British politicians have historically prided themselves on their lack of introspection. Unlike their European counterparts, they have mostly eschewed the language of economic planning and abstract models. However, Brexit is forcing a re-evaluation of national economic and political purpose. Theresa May and the Chancellor, Philip Hammond, who delivered his first Budget on 8 March, have threatened to change the UK’s “economic model” if the EU denies it the post-Brexit trade agreement that it desires. Rather than slinking off “like a wounded animal”, Mr Hammond has said, Britain would “fight back” by cutting taxes and regulation.
But what is the model that the UK would abandon? To characterise it as “liberal” is simplistic. Though Britain has one of Europe’s most flexible labour markets, it also has one of its most redistributive tax and benefit systems. It combines light economic regulation with a restrictive planning regime, and it maintains the social-democratic jewels of the NHS and the triple-locked state pension. Mrs May and Mr Hammond have stated that their aim is not a radical break with this approach. Indeed, the Prime Minister’s support for state interventionism, an industrial strategy and workers’ rights encourages the thought that the threat of it is merely a negotiating tactic. Yet if Britain is to remain what Mr Hammond described as a “mainstream” European economy, reform will be required.
After almost seven years of austerity, the public sector – most notably the NHS and local government – is under ever greater strain. Health spending has officially been protected since 2010, yet the service is struggling as a result of an ageing and growing population, rising technology costs and cuts in social care. Real spending per person is expected to fall over the next two years. All but seven of England’s 138 hospital trusts are in deficit. In view of this, the government’s decision to launch a review of social care funding is welcome. For too long, successive administrations have avoided the long-term solution that is required.
The UK’s stubbornly high Budget deficit and fragile tax base necessitate new sources of revenue. Unlike David Cameron, who rejected a “mansion tax” on the grounds that his “donors will never put up with it”, Mrs May should consider taxing static assets and seek to harness Britain’s property wealth (not least for the purpose of housebuilding).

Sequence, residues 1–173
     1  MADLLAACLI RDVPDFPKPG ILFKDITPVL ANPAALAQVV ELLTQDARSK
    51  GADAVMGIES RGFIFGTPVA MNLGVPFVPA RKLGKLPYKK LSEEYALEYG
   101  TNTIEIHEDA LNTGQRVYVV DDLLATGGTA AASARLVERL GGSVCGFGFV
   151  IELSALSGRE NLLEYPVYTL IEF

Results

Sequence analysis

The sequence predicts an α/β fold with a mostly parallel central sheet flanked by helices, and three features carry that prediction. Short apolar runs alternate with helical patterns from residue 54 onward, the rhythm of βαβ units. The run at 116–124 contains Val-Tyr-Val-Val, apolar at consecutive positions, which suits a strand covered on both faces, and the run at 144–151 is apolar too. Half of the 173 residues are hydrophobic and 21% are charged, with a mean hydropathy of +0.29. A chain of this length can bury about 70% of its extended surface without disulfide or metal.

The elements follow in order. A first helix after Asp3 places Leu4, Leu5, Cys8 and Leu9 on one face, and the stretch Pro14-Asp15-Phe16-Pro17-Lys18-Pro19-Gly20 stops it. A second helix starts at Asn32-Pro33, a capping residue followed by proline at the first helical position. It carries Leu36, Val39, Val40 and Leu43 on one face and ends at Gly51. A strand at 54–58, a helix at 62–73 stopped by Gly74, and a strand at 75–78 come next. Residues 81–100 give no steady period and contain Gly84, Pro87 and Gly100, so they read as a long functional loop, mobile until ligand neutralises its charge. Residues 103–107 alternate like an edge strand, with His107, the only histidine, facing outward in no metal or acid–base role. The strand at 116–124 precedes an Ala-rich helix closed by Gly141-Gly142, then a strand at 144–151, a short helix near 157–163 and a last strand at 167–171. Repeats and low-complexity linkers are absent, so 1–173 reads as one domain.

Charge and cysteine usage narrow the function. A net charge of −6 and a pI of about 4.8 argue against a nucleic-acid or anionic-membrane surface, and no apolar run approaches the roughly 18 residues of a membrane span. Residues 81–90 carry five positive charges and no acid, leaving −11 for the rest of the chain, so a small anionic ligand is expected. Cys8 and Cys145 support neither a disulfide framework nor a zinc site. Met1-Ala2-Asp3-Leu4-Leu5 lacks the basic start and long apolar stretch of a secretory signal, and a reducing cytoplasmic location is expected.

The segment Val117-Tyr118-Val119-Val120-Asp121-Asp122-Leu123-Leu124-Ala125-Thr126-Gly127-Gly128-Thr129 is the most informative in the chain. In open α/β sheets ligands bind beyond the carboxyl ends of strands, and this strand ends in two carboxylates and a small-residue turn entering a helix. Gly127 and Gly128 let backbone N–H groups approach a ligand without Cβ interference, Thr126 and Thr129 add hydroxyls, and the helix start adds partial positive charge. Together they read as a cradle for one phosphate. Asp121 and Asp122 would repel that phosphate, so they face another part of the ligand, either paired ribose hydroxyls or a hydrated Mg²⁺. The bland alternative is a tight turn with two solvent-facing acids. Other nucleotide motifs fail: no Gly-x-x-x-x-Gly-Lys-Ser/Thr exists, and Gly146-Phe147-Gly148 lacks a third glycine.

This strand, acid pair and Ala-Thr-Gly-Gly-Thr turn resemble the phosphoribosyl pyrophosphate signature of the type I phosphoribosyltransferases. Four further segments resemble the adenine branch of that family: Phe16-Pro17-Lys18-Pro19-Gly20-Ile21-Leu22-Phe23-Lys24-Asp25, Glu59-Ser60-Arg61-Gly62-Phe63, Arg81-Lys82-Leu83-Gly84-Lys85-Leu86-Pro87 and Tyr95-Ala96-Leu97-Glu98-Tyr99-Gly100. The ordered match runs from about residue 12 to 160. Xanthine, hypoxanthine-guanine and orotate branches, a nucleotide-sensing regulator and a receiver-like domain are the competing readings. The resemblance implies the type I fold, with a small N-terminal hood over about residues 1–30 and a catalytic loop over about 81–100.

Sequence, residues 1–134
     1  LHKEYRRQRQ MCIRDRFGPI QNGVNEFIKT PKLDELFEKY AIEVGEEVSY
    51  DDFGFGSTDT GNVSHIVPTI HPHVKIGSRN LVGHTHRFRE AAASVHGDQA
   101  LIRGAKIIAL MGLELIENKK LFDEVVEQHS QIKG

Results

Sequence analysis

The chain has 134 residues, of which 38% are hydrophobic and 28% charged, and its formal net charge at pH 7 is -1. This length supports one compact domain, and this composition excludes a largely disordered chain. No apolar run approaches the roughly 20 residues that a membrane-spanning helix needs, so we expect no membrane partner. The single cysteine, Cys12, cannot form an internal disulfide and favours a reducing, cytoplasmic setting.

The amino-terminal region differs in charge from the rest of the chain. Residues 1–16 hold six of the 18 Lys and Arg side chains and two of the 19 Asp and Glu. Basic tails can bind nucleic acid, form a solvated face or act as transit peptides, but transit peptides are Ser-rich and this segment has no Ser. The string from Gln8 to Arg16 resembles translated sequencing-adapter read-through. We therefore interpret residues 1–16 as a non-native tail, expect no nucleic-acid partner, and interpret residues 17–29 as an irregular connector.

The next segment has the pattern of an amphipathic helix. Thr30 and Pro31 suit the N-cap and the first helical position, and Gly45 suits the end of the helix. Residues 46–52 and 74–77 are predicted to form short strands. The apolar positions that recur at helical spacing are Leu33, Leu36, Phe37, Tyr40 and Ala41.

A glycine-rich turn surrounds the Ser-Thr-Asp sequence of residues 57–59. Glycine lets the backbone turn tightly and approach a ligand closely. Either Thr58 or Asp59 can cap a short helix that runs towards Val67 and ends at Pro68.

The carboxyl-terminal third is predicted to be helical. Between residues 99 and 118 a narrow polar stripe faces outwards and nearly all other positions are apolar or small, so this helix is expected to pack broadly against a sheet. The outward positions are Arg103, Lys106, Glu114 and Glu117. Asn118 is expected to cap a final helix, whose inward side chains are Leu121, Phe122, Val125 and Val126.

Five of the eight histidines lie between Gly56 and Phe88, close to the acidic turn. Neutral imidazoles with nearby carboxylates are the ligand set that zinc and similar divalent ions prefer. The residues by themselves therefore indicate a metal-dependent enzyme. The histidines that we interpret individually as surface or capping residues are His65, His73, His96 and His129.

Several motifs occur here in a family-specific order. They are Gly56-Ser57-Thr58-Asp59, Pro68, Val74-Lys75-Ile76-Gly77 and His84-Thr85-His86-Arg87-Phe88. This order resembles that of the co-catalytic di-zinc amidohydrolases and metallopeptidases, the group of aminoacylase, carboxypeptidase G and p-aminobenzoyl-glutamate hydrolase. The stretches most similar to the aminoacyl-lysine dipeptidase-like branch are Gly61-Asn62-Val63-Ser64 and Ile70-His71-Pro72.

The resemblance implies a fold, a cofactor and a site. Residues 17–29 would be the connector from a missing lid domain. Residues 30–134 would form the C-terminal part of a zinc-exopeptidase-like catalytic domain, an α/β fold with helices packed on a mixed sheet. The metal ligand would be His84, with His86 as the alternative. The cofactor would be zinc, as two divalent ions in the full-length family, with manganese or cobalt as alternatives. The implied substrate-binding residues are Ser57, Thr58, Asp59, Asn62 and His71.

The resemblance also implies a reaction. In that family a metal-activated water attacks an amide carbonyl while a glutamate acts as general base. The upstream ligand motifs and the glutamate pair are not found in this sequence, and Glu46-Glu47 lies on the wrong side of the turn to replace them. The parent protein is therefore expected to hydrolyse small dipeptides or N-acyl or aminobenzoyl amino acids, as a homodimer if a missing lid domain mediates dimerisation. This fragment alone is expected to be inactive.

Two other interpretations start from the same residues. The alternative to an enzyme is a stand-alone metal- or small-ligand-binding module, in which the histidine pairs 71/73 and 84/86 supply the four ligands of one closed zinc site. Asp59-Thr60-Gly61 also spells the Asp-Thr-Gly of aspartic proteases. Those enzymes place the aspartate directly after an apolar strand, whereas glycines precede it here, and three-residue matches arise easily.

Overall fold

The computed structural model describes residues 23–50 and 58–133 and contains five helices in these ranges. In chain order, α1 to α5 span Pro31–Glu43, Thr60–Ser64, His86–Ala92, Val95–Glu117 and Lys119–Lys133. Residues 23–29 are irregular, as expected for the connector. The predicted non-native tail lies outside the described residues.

For decades, the companies that shape the UK’s economy have been remarkably open to foreign capture (Kraft’s failed bid for Unilever being a rare and welcome exception). Only five of the world’s largest 100 firms are British-owned. As the government “takes back control” from Brussels, it should also adopt a more restrictive and strategic takeover policy.
As both Tony Blair and John Major noted in recent speeches, there is little popular support for a ruthlessly free market approach. Mrs May has rejected the ideological entreaties of the libertarian right. As the government prepares for a post-Brexit world, it must not neglect what voters most value about living in Britain: our instinct for fairness and our sense of responsibility to the weakest and most vulnerable.
Assad and the Islamists
When the Syrian people rose up against the tyranny of President Bashar al-Assad in 2011, the reviled dictator tried and failed to convince the West that the revolt was led by Islamist terrorists. In an attempt to turn fiction into reality, he released hundreds of extremists from prison. This act strengthened the Isis terror group, which established a base in the northern city of Raqqa, from where it planned attacks across the world. The prisoner release also bolstered al-Qaeda-linked groups, whose influence has grown the longer the “siege, starve and bomb” strategy of Mr Assad and his Russian and Iranian allies has gone on.
As Shiraz Maher writes on page 24, the regime’s brutal campaign to retake the city of Aleppo late last year has further weakened the moderate rebels and pushed the jihadis to the heart of the armed opposition. The new rebel alliance announced in January, Hayat Tahrir al-Sham, is led by a former prisoner freed by Assad and has at its core al-Qaeda’s main affiliate in Syria. The fall of Aleppo may have been a turning point in the Syrian tragedy, but not one that will bring peace to this blighted land. The consequence is the consolidation of a more draconian and fanatical opposition.
This article appears in the 08 Mar 2017 issue of the New Statesman, The return of al-Qaeda